A minimum value function is advantageously formed from the envelope curve following function, and the comparison value is formed from the envelope curve following function and the minimum value function. If only values on the envelope curve following function are now compared with one another, it is possible under unfavorable circumstances for values which do not differ significantly from one another to be determined in the case of appropriate intervals between the individual points in time, for example if the time interval between two values is too small. If, on the other hand, the time intervals between individual values are too large, it is possible for a rise in a rapid sequence of notes not to be recognized. The minimum value function now reflects the actual energy in the oscillating string, without being disturbed by signal spikes. If the minimum value function is now used to form the comparison value, for example forms a difference between a value of the envelope curve following function and a value of the minimum value function, one is sure that the rise in the envelope curve following function can be detected correctly in every case. The minimum value function can be formed, for example, by its initial value being made equal to that of the envelope curve following function. If the value of the envelope curve following function falls below this value, the value of the minimum value function is correspondingly reduced. Otherwise, it remains constant. When the start of a note is found, the value of the minimum value function increases again to the value of the envelope curve following function at this point in time.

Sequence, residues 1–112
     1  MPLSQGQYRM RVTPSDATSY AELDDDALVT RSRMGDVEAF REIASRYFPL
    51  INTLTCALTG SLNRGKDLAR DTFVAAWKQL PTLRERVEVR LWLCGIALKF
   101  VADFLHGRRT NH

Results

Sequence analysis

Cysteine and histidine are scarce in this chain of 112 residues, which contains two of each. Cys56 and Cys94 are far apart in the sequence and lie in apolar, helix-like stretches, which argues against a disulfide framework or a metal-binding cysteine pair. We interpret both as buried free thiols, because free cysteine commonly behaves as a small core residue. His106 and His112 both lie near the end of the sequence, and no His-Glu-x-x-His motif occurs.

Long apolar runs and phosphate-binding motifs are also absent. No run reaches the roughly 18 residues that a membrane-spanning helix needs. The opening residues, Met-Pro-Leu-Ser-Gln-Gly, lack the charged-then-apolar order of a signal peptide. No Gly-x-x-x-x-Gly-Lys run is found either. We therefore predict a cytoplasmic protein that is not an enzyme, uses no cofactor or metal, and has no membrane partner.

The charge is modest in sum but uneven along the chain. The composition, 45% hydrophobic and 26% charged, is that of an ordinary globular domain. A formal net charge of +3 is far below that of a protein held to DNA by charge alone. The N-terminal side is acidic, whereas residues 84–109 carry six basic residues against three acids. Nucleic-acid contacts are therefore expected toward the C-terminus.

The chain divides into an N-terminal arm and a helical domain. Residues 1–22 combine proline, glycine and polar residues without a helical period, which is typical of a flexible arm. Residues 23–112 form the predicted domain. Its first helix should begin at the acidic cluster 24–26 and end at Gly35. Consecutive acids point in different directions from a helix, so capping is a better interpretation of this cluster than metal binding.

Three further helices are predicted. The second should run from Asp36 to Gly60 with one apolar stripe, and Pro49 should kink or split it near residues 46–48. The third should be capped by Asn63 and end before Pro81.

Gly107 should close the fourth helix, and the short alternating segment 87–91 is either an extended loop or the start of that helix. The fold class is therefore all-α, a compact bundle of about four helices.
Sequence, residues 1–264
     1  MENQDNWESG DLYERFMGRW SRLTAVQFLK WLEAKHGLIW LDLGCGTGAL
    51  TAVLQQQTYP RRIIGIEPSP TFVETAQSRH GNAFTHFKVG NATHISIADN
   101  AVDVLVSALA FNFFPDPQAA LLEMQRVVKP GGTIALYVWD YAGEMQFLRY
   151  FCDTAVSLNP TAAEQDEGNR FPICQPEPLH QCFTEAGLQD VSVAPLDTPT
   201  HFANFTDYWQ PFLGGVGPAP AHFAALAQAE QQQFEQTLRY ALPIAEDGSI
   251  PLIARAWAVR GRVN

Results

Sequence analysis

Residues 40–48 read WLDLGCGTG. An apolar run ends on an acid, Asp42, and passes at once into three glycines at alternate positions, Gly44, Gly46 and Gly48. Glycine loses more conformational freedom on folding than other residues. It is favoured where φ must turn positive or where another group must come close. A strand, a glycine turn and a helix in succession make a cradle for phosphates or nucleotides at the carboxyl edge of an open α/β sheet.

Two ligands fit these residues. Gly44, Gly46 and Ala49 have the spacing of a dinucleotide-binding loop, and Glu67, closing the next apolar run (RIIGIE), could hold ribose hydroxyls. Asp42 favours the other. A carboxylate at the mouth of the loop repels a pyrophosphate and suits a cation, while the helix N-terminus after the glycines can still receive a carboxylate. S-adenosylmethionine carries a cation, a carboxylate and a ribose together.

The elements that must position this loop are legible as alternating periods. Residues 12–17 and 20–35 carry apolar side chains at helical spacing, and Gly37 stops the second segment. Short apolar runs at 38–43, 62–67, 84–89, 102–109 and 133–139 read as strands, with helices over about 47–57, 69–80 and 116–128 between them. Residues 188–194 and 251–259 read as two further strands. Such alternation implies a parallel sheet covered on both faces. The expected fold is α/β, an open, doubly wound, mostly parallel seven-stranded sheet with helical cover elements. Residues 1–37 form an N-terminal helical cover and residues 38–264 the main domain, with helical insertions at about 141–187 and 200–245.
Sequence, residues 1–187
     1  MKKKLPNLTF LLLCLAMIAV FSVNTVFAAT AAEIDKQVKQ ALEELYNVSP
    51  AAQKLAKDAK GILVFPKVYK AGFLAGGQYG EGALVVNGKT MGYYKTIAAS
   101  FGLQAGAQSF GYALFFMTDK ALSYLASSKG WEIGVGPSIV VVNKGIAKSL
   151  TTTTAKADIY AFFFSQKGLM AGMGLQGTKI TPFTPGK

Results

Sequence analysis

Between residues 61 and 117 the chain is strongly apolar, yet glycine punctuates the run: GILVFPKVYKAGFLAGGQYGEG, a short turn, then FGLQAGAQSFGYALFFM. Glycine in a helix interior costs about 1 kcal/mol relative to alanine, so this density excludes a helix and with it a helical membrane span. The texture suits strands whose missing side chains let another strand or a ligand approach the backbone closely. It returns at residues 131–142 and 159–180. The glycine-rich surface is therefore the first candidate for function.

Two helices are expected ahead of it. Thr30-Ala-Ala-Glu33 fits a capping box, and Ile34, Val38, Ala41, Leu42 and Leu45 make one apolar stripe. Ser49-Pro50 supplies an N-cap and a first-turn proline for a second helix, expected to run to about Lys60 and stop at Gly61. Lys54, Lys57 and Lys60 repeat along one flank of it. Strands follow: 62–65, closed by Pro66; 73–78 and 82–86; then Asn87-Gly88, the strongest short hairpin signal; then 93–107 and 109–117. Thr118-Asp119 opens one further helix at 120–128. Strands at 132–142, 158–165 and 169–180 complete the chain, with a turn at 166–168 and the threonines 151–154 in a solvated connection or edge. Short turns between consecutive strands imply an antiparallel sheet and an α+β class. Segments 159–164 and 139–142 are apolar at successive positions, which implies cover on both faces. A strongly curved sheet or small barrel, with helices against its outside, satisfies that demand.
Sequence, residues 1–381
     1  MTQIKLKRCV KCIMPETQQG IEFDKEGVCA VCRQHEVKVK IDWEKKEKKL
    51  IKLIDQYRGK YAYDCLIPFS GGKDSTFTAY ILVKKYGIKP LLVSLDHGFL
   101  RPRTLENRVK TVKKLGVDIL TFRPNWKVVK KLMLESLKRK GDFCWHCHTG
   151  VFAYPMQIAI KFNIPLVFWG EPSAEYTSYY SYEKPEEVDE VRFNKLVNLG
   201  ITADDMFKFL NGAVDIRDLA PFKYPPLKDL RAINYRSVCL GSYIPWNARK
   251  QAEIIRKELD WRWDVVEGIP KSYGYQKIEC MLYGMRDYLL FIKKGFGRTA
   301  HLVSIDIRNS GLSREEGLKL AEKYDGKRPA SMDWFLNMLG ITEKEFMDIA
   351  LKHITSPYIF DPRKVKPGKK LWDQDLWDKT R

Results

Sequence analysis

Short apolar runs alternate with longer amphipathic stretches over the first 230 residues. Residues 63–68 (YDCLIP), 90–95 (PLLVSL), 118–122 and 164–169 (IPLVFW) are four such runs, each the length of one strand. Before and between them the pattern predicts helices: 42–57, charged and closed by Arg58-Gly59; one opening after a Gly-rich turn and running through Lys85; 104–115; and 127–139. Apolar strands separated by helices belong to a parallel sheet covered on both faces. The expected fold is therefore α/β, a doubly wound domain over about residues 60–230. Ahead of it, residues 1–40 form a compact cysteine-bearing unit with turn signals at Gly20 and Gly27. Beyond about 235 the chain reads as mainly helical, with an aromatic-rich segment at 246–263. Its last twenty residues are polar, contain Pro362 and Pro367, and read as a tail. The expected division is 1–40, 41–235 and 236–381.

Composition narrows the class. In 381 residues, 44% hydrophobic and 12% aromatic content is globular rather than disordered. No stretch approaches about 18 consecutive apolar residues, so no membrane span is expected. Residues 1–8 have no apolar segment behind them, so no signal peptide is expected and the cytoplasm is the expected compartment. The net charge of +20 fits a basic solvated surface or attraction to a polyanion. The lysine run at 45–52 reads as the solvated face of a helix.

It is in this case particularly preferred for the comparison value to be formed from values of the envelope curve following function and the minimum value function which apply at the same point in time. This very considerably simplifies the administration of the individual values, and complicated indexing of the individual values is avoided. The smallest signal value before the start of a new note is found with the aid of the minimum value function without having to determine its point in time separately.